Saturday, February 6, 2010

#43 The Bicycle Thief - Easy come, easy go...

1948. dir. Vittorio De Sica, starring Lamberto Maggiorani, Enzo Staiola, Lianella Carell. Italian with subtitles.

Seen it before? No.

Antonio Ricci gets a job putting up ads around the city but there's a catch...he must have a bicycle. His wife sacrifices her linens for a mere 7500lira. Ricci then affords the 6500lira to reclaim his bicycle from the worlds largest pawn shop. Everything goes well for the rest of the day and then he starts his job the next day. Of course his bicycle gets stolen by some twerp wearing a "German" cap. He reports it stolen and gets no assistance from the police. He does get assistance from a guy who looks like a garbage man - a friend...along with his son they search a market area to no avail. They go to another area where they see an old man dealing with a kid who looks so much like the kid who stole his bike. They harass the old man to no avail. So Ricci decides to take his son out for a meal and realizes that their future happiness rests on finding the bike. They go to the mystic and she says if they don't find the bike in the morning then they won't find it at all. He spots the kid again and accuses him of taking the bike. He gets accosted by the kids' neighbors who want to lynch him for defamation when no bike appears...And as a last ditch effort he steals a bicycle...

The title led me to watch so closely the first few minutes of the film after he reclaimed his bike since, obviously, his bicycle would get stolen right? I was so irritated when it did and he lost the pursuit. It was interesting that there would be such a place where bicycles are taken apart and re-sold that would be that large...I thought it was cute that his kid would help look for the bike. It was irritating that the police could really do nothing to help him without using a lot of manpower. The scene at the restaurant with the snotty kid eating, my god that was a snotty looking kid, and Ricci allowing his son Bruno to have half of the carafe of what I presume to be wine when he's maybe, what, 10?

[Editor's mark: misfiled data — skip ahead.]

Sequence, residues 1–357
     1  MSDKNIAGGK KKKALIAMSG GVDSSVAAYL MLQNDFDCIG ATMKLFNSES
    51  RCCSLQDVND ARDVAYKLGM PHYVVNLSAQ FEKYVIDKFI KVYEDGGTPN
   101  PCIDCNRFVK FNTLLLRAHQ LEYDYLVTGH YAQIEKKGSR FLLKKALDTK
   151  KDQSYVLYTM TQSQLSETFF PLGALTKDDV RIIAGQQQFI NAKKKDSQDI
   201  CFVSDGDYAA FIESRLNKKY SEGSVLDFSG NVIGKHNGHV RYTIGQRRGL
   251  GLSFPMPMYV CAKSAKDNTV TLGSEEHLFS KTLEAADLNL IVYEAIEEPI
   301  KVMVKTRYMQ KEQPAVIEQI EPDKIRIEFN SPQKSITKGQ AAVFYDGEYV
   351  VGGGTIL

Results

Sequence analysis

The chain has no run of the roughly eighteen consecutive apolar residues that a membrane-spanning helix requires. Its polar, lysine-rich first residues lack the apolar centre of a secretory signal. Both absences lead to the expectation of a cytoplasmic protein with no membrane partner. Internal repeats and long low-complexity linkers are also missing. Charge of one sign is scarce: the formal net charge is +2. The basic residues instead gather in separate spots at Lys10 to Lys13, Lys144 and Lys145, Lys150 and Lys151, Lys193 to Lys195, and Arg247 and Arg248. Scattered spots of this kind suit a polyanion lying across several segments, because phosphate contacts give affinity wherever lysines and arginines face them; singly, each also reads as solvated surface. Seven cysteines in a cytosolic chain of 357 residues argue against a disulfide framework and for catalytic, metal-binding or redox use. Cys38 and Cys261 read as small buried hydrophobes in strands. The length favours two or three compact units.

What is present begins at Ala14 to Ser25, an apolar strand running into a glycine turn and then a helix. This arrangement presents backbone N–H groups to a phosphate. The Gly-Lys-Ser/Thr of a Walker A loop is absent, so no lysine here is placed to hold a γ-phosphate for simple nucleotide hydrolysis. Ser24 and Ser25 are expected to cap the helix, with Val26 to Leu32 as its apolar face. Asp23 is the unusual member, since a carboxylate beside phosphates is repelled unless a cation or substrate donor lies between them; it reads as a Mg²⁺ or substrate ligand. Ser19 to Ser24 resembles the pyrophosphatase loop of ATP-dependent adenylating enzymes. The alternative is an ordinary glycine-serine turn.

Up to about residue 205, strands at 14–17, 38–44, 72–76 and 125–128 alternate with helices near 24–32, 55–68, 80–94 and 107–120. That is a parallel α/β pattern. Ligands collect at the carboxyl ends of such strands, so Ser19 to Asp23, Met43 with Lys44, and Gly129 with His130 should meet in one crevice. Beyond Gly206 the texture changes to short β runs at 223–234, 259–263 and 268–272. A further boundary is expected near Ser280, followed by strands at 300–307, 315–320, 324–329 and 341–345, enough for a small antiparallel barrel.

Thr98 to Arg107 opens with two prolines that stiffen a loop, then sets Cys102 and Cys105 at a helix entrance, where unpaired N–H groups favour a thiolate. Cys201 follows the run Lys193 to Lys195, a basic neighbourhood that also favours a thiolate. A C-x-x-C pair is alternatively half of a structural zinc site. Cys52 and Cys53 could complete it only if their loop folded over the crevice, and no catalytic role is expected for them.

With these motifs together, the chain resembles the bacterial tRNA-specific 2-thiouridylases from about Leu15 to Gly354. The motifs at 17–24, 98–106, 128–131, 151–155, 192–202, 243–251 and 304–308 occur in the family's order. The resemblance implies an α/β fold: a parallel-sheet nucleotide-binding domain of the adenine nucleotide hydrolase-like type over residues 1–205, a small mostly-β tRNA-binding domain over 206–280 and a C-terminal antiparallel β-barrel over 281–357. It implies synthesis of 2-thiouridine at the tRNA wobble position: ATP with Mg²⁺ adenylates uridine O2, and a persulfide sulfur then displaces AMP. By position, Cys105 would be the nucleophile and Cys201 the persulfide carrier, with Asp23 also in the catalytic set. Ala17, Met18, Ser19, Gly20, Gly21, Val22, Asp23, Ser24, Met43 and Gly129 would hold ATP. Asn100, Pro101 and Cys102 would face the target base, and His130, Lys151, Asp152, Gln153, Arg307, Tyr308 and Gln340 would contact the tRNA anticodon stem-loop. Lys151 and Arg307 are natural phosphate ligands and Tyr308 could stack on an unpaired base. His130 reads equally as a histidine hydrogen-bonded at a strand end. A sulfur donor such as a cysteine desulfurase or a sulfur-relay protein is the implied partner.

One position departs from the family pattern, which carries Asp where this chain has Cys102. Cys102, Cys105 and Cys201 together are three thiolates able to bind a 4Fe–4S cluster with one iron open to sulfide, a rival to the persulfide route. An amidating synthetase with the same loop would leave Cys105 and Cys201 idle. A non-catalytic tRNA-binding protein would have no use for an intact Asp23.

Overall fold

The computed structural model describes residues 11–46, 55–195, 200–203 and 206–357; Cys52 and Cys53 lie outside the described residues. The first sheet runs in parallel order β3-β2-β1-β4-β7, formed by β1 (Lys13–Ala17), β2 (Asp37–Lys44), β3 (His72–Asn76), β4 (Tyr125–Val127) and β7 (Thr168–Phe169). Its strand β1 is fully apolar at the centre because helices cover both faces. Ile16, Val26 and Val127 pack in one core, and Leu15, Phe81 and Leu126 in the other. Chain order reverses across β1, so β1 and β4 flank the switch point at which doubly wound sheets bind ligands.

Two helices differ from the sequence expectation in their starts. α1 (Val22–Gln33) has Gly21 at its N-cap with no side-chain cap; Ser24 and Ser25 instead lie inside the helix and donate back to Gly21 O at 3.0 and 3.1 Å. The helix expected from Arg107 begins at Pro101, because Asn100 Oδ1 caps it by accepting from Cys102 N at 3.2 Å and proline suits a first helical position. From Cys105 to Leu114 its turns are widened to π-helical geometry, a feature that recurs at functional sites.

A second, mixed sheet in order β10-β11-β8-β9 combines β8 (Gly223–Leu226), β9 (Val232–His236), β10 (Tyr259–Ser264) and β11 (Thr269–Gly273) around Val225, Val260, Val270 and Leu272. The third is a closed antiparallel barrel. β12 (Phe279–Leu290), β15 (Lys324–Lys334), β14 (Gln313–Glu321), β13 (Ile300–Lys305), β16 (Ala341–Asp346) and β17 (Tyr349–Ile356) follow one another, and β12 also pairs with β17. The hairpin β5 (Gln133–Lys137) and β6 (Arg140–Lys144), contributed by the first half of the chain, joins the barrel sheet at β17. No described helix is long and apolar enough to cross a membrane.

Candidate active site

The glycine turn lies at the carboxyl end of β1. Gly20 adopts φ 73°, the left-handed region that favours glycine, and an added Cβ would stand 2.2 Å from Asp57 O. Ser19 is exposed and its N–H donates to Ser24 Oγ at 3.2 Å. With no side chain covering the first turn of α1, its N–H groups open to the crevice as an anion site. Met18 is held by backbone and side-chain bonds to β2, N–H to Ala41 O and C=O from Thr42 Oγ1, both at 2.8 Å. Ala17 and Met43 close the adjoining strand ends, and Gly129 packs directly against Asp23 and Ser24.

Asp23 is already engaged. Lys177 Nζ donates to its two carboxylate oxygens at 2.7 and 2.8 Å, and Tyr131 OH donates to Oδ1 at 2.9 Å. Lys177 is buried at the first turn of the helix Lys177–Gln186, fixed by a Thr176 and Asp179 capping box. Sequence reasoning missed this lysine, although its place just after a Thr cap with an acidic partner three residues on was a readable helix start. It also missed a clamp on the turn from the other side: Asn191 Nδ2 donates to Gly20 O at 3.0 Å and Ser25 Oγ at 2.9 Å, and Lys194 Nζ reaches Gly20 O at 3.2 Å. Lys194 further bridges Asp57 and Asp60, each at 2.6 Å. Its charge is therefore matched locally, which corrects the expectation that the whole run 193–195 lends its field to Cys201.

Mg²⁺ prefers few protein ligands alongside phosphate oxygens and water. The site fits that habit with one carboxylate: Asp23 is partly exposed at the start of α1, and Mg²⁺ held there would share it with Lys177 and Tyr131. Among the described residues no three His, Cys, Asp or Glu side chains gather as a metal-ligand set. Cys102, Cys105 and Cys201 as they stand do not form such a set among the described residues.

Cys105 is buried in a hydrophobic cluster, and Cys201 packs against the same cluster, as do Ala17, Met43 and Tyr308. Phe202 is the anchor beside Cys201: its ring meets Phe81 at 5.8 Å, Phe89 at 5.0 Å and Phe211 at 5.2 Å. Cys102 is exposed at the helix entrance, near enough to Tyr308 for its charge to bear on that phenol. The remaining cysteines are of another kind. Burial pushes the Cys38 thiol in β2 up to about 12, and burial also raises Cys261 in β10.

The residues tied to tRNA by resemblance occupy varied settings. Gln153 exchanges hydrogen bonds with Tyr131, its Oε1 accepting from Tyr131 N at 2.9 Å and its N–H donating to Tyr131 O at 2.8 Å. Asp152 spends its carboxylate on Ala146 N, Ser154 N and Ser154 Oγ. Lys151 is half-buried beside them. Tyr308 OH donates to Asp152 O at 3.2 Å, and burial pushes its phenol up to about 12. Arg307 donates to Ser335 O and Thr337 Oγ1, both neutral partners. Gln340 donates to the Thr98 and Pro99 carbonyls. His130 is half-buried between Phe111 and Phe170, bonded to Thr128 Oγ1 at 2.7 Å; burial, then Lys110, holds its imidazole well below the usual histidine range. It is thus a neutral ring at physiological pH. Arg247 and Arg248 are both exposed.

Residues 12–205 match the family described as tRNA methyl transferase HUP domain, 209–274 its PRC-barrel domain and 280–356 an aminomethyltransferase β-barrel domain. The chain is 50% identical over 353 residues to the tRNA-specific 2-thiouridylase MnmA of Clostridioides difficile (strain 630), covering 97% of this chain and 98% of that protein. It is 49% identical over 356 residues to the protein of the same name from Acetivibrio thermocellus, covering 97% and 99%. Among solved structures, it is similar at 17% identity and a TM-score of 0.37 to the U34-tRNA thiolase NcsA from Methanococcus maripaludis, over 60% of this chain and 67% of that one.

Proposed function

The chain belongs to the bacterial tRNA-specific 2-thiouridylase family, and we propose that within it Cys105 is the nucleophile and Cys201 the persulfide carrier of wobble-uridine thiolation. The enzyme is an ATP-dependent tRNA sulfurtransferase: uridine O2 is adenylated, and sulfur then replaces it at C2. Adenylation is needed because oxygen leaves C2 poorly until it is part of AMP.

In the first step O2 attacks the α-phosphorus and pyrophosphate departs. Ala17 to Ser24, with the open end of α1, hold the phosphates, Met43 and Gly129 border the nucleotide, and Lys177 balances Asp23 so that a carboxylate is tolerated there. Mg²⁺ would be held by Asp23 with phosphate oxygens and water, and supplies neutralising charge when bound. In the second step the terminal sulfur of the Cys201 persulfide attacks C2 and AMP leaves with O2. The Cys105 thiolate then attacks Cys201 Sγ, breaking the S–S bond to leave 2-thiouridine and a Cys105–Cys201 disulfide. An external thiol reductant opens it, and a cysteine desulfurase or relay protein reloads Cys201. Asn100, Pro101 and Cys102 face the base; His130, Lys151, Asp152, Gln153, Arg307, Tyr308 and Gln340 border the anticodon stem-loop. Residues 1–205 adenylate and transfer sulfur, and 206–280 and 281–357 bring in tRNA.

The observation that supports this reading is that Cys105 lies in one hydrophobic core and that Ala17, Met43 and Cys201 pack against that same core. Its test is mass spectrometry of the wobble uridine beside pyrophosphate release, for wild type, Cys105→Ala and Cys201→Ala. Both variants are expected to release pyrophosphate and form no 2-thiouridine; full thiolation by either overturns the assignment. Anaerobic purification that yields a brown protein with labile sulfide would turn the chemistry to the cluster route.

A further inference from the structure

None of this stuck with me as much as seeing the look on the faces of Maria and Ricci when he announced that he had indeed gotten a job. There was such hope and joy and an overwhelming feeling that all the sacrifices they had made up til the moment he got his job was worth what they had to go through. I feel like that still rings true today, especially in this economic time when people are struggling to find jobs and when even a small job makes a big difference in someone's life. I think Gary Ross said it best in 1993's Dave:
Dave: If you've ever seen the look on somebody's face the day they finally get a job, I've had some experience with this, they look like they could fly. And its not about the paycheck, it's about respect, it's about looking in the mirror and knowing that you've done something valuable with your day. And if one person could start to feel this way, and then another person, and then another person, soon all these other problems may not seem so impossible. You don't really know how much you can do until you, stand up and decide to try.

Would I watch it again? No, it made me sad.
Would I own it? No thanks.

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